V1412 Aql – Campaign to find eclipses

Arne Henden wrote (AAVS_-discussion Wed 11/03/2009 02:54): Several new campaigns have been initiated over the last few months as well, including long-term monitoring of the suspected eclipser V1412 Aql for Dr. Arlo Landolt. Although the campaign is a tough one, it is particularly exciting because the deep eclipses which Landolt and one other group observed in the 1980’s suggest that the white dwarf may be completely eclipsed by an extrasolar planet. A detection of another eclipse would be the first confirmed transiting exoplanet around a white dwarf star. We don’t know when or how often we expect to see eclipses, so if you have an open slot in your observing queue, please consider making a few measurements of this star!

Today, Christian Knigge (U Southampton) wrote (AAVSO-discussion Tue 1/09/2009 07:35): I hope you don’t mind me as a professional jumping in on this bandwagon, but I just wanted to let you know that I found the AAVSO Special Notice on this object so interesting that I got in touch with Arlo Landolt and, together with some other colleagues, have started monitoring this object with the robotic Liverpool Telescope (and, to a lesser extent, the Faulkes Telescopes). We’ve had almost daily coverage for about a month now, and while I’ve not yet had a chance to do proper data reduction and photometry, I’ve inspected the nightly images and have also not yet seen any sign of an eclipse so far. Coverage should continue at this rate for as long as V1412 stays visible this season.

However, the real reason for this post is that I thought Michel Bonnardeau’s simulation was *extremely* useful and interesting — great job! I will see if I can get the Liverpool Telescope to cover some of the upcoming “optimal” epochs for observations (i.e. the most likely times of eclipse), but since the award we have on this telescope is for monitoring type observations, it’s not clear if I will get extra coverage during these times.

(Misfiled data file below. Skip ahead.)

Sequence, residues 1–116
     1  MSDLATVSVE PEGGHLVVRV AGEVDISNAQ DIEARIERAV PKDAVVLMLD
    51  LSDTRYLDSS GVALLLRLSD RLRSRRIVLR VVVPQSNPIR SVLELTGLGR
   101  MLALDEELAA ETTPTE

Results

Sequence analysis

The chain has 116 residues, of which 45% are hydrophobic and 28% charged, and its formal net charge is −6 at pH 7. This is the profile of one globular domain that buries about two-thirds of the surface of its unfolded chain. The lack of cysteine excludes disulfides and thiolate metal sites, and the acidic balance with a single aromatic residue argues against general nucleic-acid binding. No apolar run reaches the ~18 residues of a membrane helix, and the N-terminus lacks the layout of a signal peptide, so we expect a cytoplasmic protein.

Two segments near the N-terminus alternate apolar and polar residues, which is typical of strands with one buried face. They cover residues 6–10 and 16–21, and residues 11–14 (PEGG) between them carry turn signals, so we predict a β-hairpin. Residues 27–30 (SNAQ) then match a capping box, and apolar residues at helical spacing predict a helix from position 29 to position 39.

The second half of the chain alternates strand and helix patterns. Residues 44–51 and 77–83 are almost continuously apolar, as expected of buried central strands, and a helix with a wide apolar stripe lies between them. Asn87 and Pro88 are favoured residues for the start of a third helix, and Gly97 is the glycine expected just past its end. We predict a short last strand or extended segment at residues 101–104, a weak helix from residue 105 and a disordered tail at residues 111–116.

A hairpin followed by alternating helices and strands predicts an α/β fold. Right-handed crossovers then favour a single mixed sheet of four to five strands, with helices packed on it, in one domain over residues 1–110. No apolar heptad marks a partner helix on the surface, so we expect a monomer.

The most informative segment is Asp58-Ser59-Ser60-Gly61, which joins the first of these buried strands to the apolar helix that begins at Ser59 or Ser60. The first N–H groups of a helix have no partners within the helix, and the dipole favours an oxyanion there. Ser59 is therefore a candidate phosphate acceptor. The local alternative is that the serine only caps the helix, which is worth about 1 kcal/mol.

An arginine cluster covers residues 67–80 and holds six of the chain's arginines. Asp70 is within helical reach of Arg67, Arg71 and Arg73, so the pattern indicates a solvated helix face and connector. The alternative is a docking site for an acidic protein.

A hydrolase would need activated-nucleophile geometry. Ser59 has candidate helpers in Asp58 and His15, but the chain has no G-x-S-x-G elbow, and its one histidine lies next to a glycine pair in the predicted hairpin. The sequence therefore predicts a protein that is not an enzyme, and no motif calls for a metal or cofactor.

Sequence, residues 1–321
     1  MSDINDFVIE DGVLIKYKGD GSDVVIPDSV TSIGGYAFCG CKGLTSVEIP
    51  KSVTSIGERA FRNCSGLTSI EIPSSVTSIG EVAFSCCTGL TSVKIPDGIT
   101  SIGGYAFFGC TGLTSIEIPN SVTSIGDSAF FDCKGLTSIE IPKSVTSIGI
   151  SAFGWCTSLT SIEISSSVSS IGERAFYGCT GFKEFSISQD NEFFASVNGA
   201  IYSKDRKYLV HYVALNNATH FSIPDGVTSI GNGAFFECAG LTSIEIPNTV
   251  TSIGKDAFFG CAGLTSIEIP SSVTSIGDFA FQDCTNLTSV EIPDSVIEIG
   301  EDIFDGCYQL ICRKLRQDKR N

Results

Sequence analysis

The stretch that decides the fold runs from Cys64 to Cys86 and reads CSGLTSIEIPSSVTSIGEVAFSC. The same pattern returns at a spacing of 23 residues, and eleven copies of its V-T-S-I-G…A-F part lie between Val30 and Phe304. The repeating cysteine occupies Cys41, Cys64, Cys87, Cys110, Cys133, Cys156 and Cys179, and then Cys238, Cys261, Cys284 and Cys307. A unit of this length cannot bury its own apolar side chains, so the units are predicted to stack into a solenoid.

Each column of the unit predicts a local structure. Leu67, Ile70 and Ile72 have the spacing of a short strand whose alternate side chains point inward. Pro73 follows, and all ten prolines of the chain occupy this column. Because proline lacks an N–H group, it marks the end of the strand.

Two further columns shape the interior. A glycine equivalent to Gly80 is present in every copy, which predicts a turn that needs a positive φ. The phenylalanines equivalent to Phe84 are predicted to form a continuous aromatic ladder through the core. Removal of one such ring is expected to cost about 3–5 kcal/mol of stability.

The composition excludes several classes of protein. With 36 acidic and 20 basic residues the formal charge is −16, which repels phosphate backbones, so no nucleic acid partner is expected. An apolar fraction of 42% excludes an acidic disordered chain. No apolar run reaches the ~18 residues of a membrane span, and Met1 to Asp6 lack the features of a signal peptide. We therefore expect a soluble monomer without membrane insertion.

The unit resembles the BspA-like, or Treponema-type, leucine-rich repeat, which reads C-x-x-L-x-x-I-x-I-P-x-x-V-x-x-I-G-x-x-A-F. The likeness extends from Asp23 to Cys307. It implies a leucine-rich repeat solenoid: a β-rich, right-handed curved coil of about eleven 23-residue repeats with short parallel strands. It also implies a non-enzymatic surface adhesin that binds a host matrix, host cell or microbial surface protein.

With this in mind, I really just wanted to second the suggestion to hit this object hard, especially on Michel’s suggested likely eclipes dates.
And even beyond those dates, please don’t assume that the LT and FT coverage removes the need for amateur observations: another thing Michel’s simulations show quite nicely is that *breadth* of coverage is critical — even though the daily sampling we get with LT/FT is very nice, it only provides a brief snapshot each night…

Plainly, there is scope for coverage at AU/NZ longitudes in particular. I’d encourage all observers with larger scopes and CCDs which can reach comforatably below V=16, to check it out every night. Immediate reporting of a fade is important,. and if you find one, start a time-series. Please see the Special Notice re reporting details, charts, etc.
Michel Bonnardeau (URL below) has carried out a Monte Carlo simulation to find likely eclipse times, based on the two observed fadings, and the 600 negative observations in the AAVSO database. Probable UT times in September are 7th @ 21h; 12th @

Source: http://www.aavso.org/publications/specialnotice/148.shtml Simulations: http://mbond.free.fr/V1412Aql/V1412Aql.htm

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